In a Shanghai apartment, the phone rings. A friend of the occupant answers the phone. “It’s someone from a rural area,” he shouts to the occupant. (Shanghai and other dialects are quite different.) “I’m from Beijing,” says the person on the line. “It’s someone from Rural Beijing,” the friend shouts.
This joke is told by people who are from neither Shanghai nor Beijing.
The bicycle is far from the most influential invention ever — that would be the printing press — but it might be the most perfect, at least where I live. As I rode home last night I reflected how curiously great it is (where I live):
1. Low cost. A friend gave me hers for free. Perhaps it would have sold for $5. A new bike costs as little as $20.
2. Durable. They never wear out, although parts need replacing. I could have the bike I have now 20 years from now.
3. Ages well. Unlike almost all commercial products, bikes improve with age. They look less and less desirable so the probability of theft goes down. My bike, which looks worthless, will never be stolen. (As my students confirmed for me today.) I took to fake-locking it because I couldn’t get the key out of the lock. One day someone managed to get the key out leaving my bike locked and possessing the key. Whoever did that didn’t bother to take the bike. I got the lock sawed off a block away for $1. I bought a new lock for $2.
4. Great service. When something goes wrong, I can bring it to a bike shop that will fix it in minutes. There are lots of bike shops in my neighborhood.
5. Convenient. You can always park your bike close to where you’re going.
6. Green. Zero pollution, zero fossil fuel.
8. Quiet. The Tsinghua campus is full of bikes yet is always quiet. Because of the bikes, cars are banned from large chunks of the campus.
9. Safe. My neighborhood, like elsewhere in Beijing (but unlike some Chinese cities), has plenty of bike lanes. It feels perfectly safe to ride in them. In Berkeley I wear a bike helmet but at least in my neighborhood I haven’t been able to see the need — it would be like wearing a helmet while walking.
10. Facilitates exploration. Most of Beijing is no fun to walk in — things are too far apart. But it is fun to bike around. You can easily bike from one interesting place to the next and whenever you get somewhere interesting you can get off your bike and walk around it.
Yesterday was really windy. Lots of bikes fell over, including mine. I thought my sheets, hung to dry outside my apartment window, had blown away. I searched for them around the building. I eventually found them — in my closet. I got a piece of dirt in my eye that I noticed for several hours. It was my first significant bad encounter with Beijing air this time around (since August). I was in Beijing last fall, too, and then the dirty air really bothered me. I felt better after I got an air filter for my apartment.
When I was a freshman at Caltech, Richard Feynman came to our dorm for dinner. I asked the first question: “What do you think of the air?” He looked at me as if it was a stupid question. I think his answer was, “You get used to it.” After living in Beijing last year, I said over and over I liked everything except the air. Now I find it hard to complain about the air. In my apartment I have one big air filter per room that runs constantly; they are quiet and turn red if the air is dirty. They hardly ever turn red. Last year, after a week without dusting, you could write “lung cancer” in the fine black dust that had accumulated. Now it isn’t there. Through my window the visibility is usually pretty good; I can see the lights of buildings in the distance.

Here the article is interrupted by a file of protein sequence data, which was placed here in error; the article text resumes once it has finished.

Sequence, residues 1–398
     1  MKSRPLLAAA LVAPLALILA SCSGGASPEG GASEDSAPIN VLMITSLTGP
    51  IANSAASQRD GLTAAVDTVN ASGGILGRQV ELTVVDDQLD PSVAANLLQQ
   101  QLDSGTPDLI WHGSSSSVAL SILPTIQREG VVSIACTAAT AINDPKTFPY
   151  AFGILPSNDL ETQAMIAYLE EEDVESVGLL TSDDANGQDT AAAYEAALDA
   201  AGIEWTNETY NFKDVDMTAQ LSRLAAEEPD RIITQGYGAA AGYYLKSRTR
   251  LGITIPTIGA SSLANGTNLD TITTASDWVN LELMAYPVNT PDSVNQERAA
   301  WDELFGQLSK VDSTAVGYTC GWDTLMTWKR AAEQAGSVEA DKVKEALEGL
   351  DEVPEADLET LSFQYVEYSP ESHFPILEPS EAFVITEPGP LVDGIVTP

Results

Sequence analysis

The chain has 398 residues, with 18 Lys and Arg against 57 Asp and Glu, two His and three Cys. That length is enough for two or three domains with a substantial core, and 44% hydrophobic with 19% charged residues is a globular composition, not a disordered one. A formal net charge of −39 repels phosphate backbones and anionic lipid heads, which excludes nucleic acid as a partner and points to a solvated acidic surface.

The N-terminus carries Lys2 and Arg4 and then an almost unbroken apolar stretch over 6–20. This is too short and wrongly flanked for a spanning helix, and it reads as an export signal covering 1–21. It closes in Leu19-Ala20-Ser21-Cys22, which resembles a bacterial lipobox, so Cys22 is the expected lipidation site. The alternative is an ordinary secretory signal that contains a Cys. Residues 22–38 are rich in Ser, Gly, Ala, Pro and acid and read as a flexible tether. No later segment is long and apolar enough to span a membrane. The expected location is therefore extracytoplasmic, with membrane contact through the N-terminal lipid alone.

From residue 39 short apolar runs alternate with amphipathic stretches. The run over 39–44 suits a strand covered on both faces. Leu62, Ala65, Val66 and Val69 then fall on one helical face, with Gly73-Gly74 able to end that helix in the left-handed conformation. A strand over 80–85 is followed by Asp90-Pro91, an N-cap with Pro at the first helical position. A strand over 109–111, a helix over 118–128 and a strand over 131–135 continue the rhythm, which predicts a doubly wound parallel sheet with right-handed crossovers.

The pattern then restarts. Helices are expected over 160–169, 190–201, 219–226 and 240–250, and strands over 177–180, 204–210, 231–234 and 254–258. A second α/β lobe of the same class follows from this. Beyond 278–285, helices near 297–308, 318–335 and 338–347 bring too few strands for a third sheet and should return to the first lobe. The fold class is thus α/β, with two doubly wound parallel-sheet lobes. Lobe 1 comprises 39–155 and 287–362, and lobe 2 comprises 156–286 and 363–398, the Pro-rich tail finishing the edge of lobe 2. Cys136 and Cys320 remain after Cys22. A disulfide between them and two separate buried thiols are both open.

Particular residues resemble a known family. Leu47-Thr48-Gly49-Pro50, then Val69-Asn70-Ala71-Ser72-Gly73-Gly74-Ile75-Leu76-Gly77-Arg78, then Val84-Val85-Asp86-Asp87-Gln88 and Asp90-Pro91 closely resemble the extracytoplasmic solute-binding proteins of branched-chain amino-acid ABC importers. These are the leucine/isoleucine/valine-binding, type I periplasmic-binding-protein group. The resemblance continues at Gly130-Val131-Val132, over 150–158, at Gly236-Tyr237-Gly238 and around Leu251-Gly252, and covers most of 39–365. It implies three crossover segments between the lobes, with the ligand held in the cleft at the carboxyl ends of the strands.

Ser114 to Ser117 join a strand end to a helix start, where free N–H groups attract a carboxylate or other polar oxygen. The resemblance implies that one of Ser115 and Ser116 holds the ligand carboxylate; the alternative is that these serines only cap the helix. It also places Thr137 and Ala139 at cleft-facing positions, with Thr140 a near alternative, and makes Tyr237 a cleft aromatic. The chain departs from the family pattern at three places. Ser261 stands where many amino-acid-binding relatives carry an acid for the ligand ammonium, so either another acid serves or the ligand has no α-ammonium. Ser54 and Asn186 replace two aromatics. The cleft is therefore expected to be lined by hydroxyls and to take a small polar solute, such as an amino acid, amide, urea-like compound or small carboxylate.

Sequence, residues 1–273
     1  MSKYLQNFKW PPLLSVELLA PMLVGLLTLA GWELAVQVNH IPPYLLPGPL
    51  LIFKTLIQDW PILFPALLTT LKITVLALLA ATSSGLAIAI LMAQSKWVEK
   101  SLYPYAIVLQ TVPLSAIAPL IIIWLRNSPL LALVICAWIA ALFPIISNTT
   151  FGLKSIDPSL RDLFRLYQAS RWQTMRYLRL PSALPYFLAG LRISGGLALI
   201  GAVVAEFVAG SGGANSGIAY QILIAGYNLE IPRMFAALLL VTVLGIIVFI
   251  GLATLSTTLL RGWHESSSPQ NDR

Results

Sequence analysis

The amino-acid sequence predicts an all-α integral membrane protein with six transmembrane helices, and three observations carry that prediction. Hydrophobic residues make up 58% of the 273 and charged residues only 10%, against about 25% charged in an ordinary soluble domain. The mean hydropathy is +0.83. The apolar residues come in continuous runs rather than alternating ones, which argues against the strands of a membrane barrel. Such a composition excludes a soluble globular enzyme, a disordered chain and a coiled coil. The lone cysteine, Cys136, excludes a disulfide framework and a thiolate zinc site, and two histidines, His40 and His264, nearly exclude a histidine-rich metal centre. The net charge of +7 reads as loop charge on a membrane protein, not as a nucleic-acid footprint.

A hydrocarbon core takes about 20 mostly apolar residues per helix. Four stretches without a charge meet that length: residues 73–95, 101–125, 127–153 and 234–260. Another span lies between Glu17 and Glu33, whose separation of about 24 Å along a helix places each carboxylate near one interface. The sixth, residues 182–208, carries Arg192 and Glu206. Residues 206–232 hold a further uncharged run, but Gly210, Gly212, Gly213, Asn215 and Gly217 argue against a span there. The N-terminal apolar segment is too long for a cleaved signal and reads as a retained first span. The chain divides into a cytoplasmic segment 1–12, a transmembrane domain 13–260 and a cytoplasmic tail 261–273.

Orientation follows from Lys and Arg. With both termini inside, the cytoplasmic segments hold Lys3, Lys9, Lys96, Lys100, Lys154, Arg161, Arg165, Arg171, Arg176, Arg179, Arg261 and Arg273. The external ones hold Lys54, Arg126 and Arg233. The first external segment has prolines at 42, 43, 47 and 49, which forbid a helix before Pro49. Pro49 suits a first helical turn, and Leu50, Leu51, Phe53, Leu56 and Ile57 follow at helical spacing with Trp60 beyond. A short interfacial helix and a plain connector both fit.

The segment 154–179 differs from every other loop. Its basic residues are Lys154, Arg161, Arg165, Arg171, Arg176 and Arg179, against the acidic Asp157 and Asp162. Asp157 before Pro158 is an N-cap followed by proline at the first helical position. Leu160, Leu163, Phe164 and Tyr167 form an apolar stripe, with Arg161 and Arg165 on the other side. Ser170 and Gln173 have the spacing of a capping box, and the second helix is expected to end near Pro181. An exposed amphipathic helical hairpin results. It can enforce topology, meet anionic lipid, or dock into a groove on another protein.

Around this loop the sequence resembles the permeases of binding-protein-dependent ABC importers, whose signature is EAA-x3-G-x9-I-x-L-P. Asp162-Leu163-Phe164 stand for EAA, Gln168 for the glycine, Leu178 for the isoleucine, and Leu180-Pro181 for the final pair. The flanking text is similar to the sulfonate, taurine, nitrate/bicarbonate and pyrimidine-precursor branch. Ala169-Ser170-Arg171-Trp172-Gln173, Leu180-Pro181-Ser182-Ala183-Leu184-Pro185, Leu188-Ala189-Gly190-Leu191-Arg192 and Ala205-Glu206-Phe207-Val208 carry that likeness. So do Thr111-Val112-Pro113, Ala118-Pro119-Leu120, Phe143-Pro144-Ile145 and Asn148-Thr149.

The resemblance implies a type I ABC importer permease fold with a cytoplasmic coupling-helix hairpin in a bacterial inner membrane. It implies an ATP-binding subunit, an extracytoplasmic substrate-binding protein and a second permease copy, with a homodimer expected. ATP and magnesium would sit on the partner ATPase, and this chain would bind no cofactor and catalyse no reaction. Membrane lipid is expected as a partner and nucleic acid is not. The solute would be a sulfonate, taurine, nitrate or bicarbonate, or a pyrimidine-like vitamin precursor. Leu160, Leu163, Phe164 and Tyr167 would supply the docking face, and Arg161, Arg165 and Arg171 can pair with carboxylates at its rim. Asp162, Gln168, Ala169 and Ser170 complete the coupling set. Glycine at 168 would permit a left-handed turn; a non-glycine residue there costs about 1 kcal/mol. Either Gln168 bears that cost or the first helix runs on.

Yesterday someone told me Beijing air has gotten much much better. “Ten years ago your hair would get filthy” from coal dust, he said. The hutongs had coal-burning heaters. Now they are gone. Measures of air quality have even improved since last year, I think he said. I met someone recently arrived who was bothered by the air but she felt much better after I gave her an air filter.
Overall, I think four things have changed: 1. The air in my apartment, where I spend most of my time, is much better (compared to unfiltered). 2. Outside air is somewhat better. 3. Due to fermented foods, my overall health is better. 4. Due to learning about hormesis, I don’t worry about a small amount of air pollution.
James Fallows on How I Survived China. The bottled water at a Buddhist restaurant came from a garden hose.
I cannot believe that I am still being asked to take my goddamn shoes off every time I want to go on an airplane, but I am able to board mass transit trains without anyone checking me for explosives at all.
Have I told you about the time I took a cleaver on the Beijing Subway? The Beijing Subway has security: They screen all bags. It started before the Olympics and, after the Olympics ended, kept going. At Wal-Mart, I bought a cleaver/cutting board/chopstick set (enclosed in plastic), put it in my laptop bag, and entered the subway. I was stopped. The cleaver had shown up on the scanner screen. The guard was pleasant and after I showed her what it was I was quickly sent on my way.
In Beijing I have no kitchen, just a microwave oven. Which is enough to make miso soup. Which I can eat happily day after day.
But I need miso. In Tokyo I bought miso far better than what I used in Berkeley and now cheap miso isn’t good enough for me. Finding high-quality miso in Beijing is turning out to be hard, even though there are many Japanese students in my neighborhood. Today I went to a Japanese-owned department store with a food market. They had hundreds of Japanese foods, including plum wine, natto, Japanese pickles, sushi ingredients, seaweed crackers, and black milk (whatever that is). But they didn’t have miso. I have no explanation; the local hypermarket (Carrefour) had low-quality miso.
If you know where to get good miso in Beijing, please let me know.
To buy a refrigerator, a friend suggested I try a store called Vollna, to which I found references online. When I got to the right subway station, however, no one had heard of it. She’d meant Wal-Mart. The Beijing Wal-Mart has many interesting features: